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Thread: The wonderful and missunderstood world of JPEG

  1. #11
    Barracuda
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    Those two images are not just close, but identical, pixel by pixel... and this represents a "compression" down to 4.8 meg... from the original 10 meg.

    But that is a lot bigger than Nikon, for example uses. So what happens if you go with more compression?

  2. #12
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    Next, I took the same chroma, and increased the compression up to 25% -



    This is the compressed one:



    The image size was down to a small 1.08 meg... and I can easily tell something has happened to it, but I don't know if someone looking could tell.. again, download and look for yourself.

  3. #13
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    Here is what happens if you keep going, down to 50% compression and a size of .4792 meg...

    Again the original versus the compressed one:




    And Compressed:




    This has some many JPEG artifacts, that I would never use it... how does it look to you?

  4. #14
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    The large picture, in the above example, has the sky with bands of light to dark... and as you can see, if you look closely, the image is getting blurry.. this is the problem with the DSLR JPEG's and why you need to use RAW with them.

  5. #15
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    Most of the comparisons were pretty close but the last one you could easily tell a big difference. Everything got really pixelated. I know from using photoshop and doing some graphic editing it is much easier to work with a high resolution image. You can alway compress it and reduce the size once you have finished working on the image, but you can't put in resolution that wasn't there to begin with. Not sure that this ties in to your posts, but something I have experienced from the enhancement phase of taking photos.
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  6. #16
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    Before going on, the information presented here has been staring all of the experts in the face for some time, just that no one has put the pieces together.. everyone has been to busy looking at the results, and not been spending time looking at why they are getting the results.

    Ok, off the soap box now.

  7. #17
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    Quote Originally Posted by RoadRacer1978 View Post
    Most of the comparisons were pretty close but the last one you could easily tell a big difference. Everything got really pixelated. I know from using photoshop and doing some graphic editing it is much easier to work with a high resolution image. You can alway compress it and reduce the size once you have finished working on the image, but you can't put in resolution that wasn't there to begin with. Not sure that this ties in to your posts, but something I have experienced from the enhancement phase of taking photos.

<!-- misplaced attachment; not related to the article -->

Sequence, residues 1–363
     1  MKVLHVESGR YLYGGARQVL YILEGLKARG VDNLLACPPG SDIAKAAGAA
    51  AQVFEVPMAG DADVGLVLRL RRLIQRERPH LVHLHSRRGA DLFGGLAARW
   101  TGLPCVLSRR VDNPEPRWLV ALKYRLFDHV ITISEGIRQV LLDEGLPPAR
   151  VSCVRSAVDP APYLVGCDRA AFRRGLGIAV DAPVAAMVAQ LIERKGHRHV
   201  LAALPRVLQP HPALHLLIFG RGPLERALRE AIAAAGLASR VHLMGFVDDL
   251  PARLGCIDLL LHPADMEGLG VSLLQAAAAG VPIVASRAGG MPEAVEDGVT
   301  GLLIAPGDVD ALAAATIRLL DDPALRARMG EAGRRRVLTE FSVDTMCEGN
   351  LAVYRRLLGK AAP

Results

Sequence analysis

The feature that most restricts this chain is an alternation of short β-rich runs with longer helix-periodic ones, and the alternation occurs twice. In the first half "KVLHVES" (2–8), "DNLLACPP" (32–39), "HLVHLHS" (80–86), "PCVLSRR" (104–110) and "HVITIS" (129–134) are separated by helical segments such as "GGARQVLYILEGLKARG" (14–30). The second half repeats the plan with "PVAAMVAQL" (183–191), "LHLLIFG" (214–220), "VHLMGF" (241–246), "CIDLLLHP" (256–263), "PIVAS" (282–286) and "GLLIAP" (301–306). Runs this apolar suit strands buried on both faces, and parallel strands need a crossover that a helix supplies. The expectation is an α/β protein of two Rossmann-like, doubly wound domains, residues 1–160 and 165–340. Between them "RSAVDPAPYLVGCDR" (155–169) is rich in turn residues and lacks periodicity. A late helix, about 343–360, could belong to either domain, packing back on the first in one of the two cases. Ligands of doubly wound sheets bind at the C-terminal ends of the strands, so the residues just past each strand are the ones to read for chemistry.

It will in just a minute...hold on please.

  8. #18
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    I had pointed out earlier, that there were twelve differ Chroma subsampling methods... each will reduce the number of variables by a different factor...

    However, only 1x1 1x1 1x1 and 2x1 1x1 1x1 are commonly used, as reducing the others is easy for a person to see. Ideally, everyone is using the 1x1 1x1 1x1, but who know? Or is there a way to tell?

  9. #19
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    Well, there is a way... all you need is a picture taken with the camera, and a program that can do the jpeg compression. You take the image and compress it until it is nearly identical to the original compression, and you have it (there will be a slight difference, due to rounding of numbers and the exact math).

    So, back to the Nikon D200 image... what did they use? Turns out to be 6% (it shows a 4% compression, but 4 % does not yield the size they have) compression. Can you see 6%.. not very well... only in the finest of detail could you tell. Guess what? That is what they are seeing when they look at raw versus JPEG from that camera. No magic, nothing fancy... just what you should see.
    Last edited by Puffer Fish; 11-24-2007 at 20:56.

  10. #20
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    What about the Fuji f50? First off, that 6% is a very common compression... the F11 I have, uses the same amount. But that is not the case with the f50, it uses (again, it shows 3.2), but measures something around 2 (there are a lot more subtle adjustments that each company can make, so the information here is just approximate. The type of scanning it does also effects the size a bit...but has no effect on quality.

    Does this loose some information - yes it does, but only a very, very small amount, and looking at the detail, there is some damage, but no loss of information.. resolution appears to be intact.

    Here is an original tiny section:



    A two percent compression:



    And for comparison, a 6% compression"



    You will have to blow this up a great deal to see the difference... but it is there...

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